For roughly 30 minutes, Sue Harmon heard nothing but the four busy tones from the Hall County Health Department’s phone number.
But Harmon kept calling and calling, hearing those same four tones each time until she finally got through.
After another hour on the phone, she was able to get her appointment scheduled for next month to get the COVID-19 vaccine.
These stories have been ubiquitous for seniors and others trying to schedule their own vaccinations, either stalking the online appointment portals or calling incessantly.
“For some elderly folks, they can’t do this kind of thing,” Harmon said.
NGHS officials said appointments for their seven clinics announced Saturday, Jan. 9, were filled in roughly an hour after the announcement.
NGHS administered 350 doses of the COVID-19 vaccine Monday, Jan. 11, on the first day of vaccinations for people ages 65 and older.
The majority of the 350 doses given Monday went to those ages 65 and up, though some went to the seniors’ caregivers.
District 2 Public Health said this week its phone lines, call center and website are “overwhelmed and (unable) to handle the demand” for the vaccine.
The Times spoke with people in line to get their shots Thursday, Jan. 14, at the second NGHS clinic in Oakwood.
Herman Garcia said he had been trying for several days roughly 50-60 times through the online appointment portal.
“My son, he was helping me on a separate computer,” he said. “Back and forth, back and forth. … I was working on two different fronts.”
Having heard of the clinic Thursday and continuing to have no luck online, Garcia came in person at 9:30 a.m. and was told to come back that afternoon.
Northeast Georgia Physicians Group Vice President of Operations Bobby Norris said about 500 people were scheduled Thursday for the vaccine, though the number can fluctuate with no-shows and late additions.
“Each day, because we don’t want to waste any vaccine, we keep a list of people that we can call if we get to the end of the day and have some left over,” he said.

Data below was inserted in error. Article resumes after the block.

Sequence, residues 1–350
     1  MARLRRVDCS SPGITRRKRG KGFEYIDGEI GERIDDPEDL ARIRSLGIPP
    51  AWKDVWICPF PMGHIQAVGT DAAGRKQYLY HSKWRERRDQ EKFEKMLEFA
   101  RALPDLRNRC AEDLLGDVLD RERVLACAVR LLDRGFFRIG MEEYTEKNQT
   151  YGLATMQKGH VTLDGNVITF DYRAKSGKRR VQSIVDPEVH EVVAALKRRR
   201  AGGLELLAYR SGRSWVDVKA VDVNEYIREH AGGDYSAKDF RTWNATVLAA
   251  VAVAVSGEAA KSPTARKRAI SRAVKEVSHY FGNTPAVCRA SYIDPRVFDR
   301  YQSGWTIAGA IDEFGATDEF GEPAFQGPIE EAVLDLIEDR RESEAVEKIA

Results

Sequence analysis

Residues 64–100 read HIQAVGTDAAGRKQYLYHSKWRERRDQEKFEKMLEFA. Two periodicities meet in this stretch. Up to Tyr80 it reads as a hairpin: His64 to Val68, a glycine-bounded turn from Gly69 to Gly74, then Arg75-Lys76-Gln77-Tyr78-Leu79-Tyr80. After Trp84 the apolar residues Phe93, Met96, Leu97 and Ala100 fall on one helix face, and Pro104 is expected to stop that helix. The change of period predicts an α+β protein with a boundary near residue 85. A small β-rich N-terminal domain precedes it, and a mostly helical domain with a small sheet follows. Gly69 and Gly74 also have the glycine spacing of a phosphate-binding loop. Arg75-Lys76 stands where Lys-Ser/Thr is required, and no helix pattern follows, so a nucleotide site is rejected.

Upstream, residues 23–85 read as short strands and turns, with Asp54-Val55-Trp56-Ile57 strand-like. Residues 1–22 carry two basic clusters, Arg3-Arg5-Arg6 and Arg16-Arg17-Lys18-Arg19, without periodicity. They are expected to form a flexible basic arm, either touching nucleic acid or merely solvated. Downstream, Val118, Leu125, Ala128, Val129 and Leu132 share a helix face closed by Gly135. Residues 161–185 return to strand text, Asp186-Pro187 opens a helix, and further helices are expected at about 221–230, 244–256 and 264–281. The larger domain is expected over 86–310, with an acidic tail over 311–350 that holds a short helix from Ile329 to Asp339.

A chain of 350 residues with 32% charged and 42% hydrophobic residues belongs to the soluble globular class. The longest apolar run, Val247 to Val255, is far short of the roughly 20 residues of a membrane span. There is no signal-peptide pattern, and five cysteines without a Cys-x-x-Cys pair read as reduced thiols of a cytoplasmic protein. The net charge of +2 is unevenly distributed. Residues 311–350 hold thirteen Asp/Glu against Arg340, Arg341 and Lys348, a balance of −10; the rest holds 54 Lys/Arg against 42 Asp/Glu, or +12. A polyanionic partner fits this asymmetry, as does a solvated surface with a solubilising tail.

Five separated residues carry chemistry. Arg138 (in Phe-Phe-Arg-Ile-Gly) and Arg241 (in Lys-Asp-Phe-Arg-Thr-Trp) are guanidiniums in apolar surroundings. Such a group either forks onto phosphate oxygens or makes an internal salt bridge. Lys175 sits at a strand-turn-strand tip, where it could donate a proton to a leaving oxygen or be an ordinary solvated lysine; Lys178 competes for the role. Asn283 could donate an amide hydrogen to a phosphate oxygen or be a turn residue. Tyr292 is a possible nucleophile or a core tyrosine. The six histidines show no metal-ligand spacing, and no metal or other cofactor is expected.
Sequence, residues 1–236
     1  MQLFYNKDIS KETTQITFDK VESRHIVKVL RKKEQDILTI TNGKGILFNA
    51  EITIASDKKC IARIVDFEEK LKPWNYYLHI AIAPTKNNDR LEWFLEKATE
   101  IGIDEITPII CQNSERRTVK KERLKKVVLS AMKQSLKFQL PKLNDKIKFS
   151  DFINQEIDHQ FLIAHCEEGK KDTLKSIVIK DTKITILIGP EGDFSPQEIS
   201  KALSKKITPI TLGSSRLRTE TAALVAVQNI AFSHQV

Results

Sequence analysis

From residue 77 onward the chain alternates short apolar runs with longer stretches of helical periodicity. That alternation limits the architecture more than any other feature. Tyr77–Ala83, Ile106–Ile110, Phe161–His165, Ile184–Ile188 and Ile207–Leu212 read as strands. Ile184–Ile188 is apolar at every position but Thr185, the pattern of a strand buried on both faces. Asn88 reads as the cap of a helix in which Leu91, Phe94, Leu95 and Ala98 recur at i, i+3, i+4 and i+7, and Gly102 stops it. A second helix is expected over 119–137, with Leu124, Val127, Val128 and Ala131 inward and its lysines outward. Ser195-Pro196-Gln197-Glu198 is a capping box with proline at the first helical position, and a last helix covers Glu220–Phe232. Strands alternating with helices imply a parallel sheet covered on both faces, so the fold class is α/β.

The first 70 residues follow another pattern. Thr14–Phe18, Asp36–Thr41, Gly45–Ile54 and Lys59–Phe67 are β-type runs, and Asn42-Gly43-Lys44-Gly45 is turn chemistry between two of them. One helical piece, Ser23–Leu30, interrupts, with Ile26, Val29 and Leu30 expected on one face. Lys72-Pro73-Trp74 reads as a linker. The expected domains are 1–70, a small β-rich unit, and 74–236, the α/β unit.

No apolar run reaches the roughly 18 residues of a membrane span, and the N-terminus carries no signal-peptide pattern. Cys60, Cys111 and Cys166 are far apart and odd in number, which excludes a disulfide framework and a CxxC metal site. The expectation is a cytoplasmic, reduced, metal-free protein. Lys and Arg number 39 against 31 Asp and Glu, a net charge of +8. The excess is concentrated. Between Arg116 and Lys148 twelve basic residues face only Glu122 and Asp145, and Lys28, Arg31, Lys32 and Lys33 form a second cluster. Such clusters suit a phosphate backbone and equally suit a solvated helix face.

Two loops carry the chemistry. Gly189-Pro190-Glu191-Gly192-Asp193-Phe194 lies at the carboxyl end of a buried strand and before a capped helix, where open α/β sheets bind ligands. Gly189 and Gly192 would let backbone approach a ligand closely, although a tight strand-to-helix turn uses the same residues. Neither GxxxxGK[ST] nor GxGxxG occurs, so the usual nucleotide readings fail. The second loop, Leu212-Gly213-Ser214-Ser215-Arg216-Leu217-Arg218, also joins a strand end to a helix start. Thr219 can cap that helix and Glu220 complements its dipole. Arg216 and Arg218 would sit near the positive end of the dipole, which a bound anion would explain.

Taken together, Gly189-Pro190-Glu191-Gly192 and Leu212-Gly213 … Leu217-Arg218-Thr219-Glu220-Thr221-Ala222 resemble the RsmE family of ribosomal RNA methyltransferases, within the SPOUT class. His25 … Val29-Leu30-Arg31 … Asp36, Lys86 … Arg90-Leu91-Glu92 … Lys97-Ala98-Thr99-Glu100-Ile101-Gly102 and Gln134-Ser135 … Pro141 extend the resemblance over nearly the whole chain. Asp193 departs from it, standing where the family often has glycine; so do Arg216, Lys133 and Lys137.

Louis McClure has seen both ends of the spectrum in terms of scheduling the shot. For him personally, he was able to log in and get his appointment in minutes.
For his in-laws, however, it took collectively 650 calls to get appointments in neighboring Alabama.
“It’s just ridiculous to get through,” McClure said, adding his in-laws were able to get an appointment for next week.
Ron and Barbara Davidson were tipped off by their son, a doctor, about the upcoming clinics.
“Hopefully we’ll reach some sort of mass saturation point where people will feel safe again,” Ron Davidson said. “We certainly are looking forward to that day. We don’t live in fear by any means. We’re just trying to take precautions as best we can.”
Reaching a herd immunity might mean being able to celebrate Christmas with their family, or possibly getting a do-over for their 50th wedding anniversary celebration that was also this past December.
“You know what we did on our anniversary? We hiked a waterfall and then came home and called out for pizza,” Barbara Davidson said. “And guess what? In 50 years of marriage, we have never called out for pizza.”
Norris said they will definitely be adding more clinics, though the health system does not have a timeframe yet.
Those vaccinated during these clinics are being scheduled for their second dose, Norris said.
“If they can’t come back on that day, then we tell them another day that will work based on the clinics we have scheduled,” he said.